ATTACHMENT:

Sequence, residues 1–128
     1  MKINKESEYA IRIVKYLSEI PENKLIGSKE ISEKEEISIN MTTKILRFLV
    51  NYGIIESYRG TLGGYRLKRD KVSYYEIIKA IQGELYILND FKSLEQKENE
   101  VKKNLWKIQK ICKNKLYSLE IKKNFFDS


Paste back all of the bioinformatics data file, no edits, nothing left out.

Sequence, residues 1–128
     1  MKINKESEYA IRIVKYLSEI PENKLIGSKE ISEKEEISIN MTTKILRFLV
    51  NYGIIESYRG TLGGYRLKRD KVSYYEIIKA IQGELYILND FKSLEQKENE
   101  VKKNLWKIQK ICKNKLYSLE IKKNFFDS